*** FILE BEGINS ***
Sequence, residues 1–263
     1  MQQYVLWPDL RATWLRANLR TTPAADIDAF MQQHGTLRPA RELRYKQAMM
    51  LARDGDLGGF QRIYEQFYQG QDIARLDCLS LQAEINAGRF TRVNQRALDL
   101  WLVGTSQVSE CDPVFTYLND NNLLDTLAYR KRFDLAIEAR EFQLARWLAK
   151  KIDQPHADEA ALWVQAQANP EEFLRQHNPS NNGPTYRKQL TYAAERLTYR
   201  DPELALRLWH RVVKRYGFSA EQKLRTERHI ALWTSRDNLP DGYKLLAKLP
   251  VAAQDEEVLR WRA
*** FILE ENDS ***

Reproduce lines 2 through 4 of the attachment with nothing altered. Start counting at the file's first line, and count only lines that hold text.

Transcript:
     1  MQQYVLWPDL RATWLRANLR TTPAADIDAF MQQHGTLRPA RELRYKQAMM
    51  LARDGDLGGF QRIYEQFYQG QDIARLDCLS LQAEINAGRF TRVNQRALDL
   101  WLVGTSQVSE CDPVFTYLND NNLLDTLAYR KRFDLAIEAR EFQLARWLAK